MGA Entertainment Inc. is going to need to musterall the moxie it has for its latest launch. MGA is rolling out a newline of dolls called Moxie Girlz as Mattel Inc. plans to take overMGA's former marquee product, the saucy Bratz dolls, following afour-year legal struggle.
With more-modest apparel and figures than Bratz,you can think of Moxie Girlz as Bratz lite, and MGA is banking on theline to keep it afloat.
MGA Entertainment began developing Moxie Girlz, targeted atgirls ages six to 10, last year. The line was inspired by the recessionand the changes in families' lifestyles that came up in focus-groupdiscussions, says Paula Garcia, vice president of product design anddevelopment.
"We wanted to make the doll a reflection of the consumerherself, not lavish, expensive, material things," she said. "Thefashion is 'everyday' fashion as opposed to very lavish fashions."
Early sales of Moxie Girlz, which started appearingin some Target and Wal-Mart stores on July 22 and will be availablenationwide August 15, have been "very good," MGA CEO Isaac Larian said.A TV, print, radio and online ad campaign starts in September.
The dolls have a subtler look than the pouty-lipped Bratz, whohave drawn fire for their skimpy clothing. And the new look is key,said BMO Capital Markets analyst Gerrick Johnson.
"I think they're adorable," he said. "Barbie looks like a model, Bratz look like tramps and Moxie Girlz look like girls."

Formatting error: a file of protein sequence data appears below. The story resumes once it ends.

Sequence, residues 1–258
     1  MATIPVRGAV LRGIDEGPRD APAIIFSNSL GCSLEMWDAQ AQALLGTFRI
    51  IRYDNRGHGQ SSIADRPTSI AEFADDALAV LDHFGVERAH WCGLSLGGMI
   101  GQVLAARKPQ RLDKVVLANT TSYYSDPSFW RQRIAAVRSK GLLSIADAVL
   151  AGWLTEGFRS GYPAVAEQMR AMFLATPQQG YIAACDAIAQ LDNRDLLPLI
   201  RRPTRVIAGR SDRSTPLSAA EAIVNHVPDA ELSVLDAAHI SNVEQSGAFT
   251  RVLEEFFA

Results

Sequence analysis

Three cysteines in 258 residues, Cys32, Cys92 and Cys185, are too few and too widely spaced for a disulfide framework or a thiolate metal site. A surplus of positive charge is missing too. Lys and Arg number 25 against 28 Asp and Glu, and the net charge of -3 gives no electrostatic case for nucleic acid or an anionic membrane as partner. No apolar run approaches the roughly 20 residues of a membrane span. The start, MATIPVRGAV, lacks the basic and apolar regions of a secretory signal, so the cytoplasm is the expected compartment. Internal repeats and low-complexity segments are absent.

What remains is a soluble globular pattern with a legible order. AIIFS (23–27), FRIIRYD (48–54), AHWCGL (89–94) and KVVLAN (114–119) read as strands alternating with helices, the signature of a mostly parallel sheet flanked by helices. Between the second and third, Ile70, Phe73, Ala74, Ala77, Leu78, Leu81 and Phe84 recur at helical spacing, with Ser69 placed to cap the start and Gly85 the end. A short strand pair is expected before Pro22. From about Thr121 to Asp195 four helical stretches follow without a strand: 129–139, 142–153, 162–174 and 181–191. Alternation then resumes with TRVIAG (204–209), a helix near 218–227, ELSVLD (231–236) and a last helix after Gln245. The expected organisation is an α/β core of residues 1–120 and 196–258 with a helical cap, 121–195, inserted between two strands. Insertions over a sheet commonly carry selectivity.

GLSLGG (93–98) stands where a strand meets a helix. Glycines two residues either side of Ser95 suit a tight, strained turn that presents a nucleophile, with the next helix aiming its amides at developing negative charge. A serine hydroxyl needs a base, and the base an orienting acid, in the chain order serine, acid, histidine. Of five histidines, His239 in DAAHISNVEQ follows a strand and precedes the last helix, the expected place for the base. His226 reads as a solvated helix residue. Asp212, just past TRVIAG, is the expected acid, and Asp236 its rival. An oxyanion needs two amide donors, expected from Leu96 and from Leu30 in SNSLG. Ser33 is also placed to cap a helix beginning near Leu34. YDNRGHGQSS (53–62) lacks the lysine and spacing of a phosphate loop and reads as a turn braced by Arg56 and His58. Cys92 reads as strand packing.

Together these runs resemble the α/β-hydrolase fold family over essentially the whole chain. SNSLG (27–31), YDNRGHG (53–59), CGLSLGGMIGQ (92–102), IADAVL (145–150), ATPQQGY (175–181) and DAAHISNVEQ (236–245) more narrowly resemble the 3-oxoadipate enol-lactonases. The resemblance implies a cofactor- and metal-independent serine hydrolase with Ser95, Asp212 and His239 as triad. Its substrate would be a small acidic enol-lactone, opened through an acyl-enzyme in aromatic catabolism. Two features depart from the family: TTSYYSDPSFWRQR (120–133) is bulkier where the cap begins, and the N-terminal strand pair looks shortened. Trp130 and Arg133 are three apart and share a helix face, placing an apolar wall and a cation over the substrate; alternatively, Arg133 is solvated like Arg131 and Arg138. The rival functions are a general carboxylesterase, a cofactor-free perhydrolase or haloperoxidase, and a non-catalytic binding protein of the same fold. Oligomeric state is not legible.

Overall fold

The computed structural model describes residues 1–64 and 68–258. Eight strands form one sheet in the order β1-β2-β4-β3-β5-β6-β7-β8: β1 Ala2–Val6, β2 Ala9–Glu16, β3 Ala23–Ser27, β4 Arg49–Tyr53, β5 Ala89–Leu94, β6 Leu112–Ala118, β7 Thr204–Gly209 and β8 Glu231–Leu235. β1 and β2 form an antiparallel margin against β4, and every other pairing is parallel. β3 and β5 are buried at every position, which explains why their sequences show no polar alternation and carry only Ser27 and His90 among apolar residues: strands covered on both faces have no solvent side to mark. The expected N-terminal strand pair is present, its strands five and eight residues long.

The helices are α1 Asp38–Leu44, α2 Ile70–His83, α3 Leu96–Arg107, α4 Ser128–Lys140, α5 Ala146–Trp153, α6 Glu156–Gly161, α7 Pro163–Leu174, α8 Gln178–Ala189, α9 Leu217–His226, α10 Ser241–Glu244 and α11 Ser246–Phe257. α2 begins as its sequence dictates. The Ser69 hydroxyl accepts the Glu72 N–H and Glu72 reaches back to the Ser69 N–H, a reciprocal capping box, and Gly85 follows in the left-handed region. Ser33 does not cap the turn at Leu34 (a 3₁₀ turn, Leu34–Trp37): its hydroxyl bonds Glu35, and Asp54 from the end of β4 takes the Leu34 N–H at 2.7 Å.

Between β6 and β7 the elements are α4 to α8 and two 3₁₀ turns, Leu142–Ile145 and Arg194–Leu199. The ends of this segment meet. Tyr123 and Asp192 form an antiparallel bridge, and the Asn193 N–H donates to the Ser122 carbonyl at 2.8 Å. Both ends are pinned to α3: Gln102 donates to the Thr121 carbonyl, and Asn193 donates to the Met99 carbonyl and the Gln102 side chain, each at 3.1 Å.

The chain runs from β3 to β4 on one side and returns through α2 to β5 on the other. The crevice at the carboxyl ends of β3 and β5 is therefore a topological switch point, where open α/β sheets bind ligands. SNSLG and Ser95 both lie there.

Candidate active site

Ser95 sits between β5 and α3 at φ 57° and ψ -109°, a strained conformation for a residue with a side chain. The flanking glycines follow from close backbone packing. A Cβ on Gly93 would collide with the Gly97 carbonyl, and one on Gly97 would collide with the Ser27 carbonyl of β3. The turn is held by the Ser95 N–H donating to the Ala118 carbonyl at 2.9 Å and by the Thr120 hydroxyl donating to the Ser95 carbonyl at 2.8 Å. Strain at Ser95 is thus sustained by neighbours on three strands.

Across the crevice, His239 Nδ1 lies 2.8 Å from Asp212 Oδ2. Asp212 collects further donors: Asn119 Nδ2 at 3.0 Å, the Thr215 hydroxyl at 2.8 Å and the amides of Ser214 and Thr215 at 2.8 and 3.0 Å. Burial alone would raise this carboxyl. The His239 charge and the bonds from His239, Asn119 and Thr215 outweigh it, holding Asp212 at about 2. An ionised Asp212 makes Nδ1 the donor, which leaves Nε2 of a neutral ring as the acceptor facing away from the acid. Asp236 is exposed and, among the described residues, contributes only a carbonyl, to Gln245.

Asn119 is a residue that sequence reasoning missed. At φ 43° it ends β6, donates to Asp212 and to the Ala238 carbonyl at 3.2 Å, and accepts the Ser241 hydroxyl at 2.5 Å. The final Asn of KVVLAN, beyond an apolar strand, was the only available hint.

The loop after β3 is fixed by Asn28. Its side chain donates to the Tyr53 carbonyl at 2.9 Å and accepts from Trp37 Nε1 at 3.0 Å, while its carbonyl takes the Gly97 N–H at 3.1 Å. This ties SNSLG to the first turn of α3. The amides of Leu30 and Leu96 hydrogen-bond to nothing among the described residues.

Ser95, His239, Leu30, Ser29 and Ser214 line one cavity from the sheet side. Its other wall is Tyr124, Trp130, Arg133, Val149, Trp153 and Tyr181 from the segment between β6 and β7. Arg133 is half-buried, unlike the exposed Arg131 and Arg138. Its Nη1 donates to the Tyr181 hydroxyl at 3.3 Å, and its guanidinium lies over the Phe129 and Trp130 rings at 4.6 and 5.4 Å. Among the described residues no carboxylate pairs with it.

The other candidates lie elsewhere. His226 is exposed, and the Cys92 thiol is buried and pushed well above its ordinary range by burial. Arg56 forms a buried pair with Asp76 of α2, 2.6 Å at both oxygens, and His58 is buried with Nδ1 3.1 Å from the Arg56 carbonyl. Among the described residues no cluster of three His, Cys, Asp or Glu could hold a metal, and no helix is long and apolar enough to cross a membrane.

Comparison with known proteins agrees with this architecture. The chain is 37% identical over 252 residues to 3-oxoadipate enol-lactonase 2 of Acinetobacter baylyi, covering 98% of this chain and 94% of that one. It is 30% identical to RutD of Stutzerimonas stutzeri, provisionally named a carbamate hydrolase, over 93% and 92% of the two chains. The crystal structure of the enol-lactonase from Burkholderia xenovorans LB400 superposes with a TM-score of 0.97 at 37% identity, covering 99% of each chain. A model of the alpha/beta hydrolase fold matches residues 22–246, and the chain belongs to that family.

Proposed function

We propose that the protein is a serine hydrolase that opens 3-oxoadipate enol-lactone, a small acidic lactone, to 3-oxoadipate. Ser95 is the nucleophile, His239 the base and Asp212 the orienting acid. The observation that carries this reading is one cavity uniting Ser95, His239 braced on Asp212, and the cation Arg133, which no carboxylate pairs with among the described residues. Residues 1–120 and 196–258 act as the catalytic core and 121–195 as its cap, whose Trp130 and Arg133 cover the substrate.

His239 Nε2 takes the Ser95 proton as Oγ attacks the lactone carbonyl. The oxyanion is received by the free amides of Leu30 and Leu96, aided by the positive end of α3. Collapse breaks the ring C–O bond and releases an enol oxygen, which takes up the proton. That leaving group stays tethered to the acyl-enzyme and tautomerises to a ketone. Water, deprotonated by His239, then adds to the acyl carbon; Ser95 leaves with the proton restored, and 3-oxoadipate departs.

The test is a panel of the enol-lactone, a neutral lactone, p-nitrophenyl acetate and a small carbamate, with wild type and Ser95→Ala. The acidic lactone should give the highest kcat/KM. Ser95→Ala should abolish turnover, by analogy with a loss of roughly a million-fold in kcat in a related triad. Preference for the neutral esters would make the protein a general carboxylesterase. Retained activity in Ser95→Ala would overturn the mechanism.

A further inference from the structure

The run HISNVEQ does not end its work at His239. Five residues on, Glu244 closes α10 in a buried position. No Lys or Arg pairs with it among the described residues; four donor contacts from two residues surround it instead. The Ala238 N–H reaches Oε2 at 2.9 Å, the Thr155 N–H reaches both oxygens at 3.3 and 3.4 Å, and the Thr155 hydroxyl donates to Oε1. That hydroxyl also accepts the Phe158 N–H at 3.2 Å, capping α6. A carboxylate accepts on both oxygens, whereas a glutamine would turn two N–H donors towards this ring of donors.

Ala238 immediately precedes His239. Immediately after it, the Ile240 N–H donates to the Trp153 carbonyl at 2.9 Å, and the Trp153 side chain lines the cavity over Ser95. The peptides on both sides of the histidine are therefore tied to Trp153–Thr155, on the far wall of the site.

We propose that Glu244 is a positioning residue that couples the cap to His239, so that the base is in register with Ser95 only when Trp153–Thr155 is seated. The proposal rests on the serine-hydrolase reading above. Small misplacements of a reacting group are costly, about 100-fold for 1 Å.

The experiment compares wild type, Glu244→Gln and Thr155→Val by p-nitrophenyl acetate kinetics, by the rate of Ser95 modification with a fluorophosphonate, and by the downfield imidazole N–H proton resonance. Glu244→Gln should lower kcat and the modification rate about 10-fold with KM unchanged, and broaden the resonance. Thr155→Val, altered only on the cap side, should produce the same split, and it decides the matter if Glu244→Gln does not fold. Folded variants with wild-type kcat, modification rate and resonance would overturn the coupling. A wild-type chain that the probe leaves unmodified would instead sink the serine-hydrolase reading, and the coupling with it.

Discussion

The success of the line is crucial to Los Angeles-based MGA. AUS District Court ordered MGA to transition the Bratz doll line toBarbie maker Mattel by spring, concluding a lawsuit in which ElSegundo, California-based Mattel alleged Bratz designer Carter Bryantdeveloped the concept while at Mattel. A jury last year awarded Mattel$100 million in damages for copyright infringement and breach ofcontract. MGA is appealing, and a mediator is working with the parties.
Though MGA also makes Little Tikes, Rescue Pets and Lil Angelz,among other toys, Bratz was by far its biggest seller. Johnsonestimates sales of Bratz peaked in 2005 at $750m. and have fallensince, perhaps below $200m. in 2009. The privately held company doesnot publish its revenue.
Moxie Girlz come in several different styles: "Jammaz" - inpajamas - come with a guitar and a microphone; "Art-titude" come withshoes and a bike you can draw on; and "Magic Hair" come with two setsof hair. They cost $17.99 to $29.99 each; accessories include a car anda salon play set.
The toy industry's doll segment has been in decline for a fewyears as more girls find entertainment online and in tech gadgets. Dollsales overall fell 10 percent to $2.68 billion in 2008, according tomarket-research firm NPD Group. And sales of Barbie, the segment'sleader, slipped 15% in the second quarter compared with a year earlier,though the decline was driven in part by the recession.
New doll lines could boost the category, Johnson said. BesidesMoxie Girlz, new entries include Liv dolls, which Spin Masterintroduced Saturday. They look similar to Moxie Girlz and sell for$19.99.
"There is tremendous opportunity in the girl segment forsomething new, interesting and compelling," Johnson said. "Kids can befickle. This could be the thing the girls' business needed."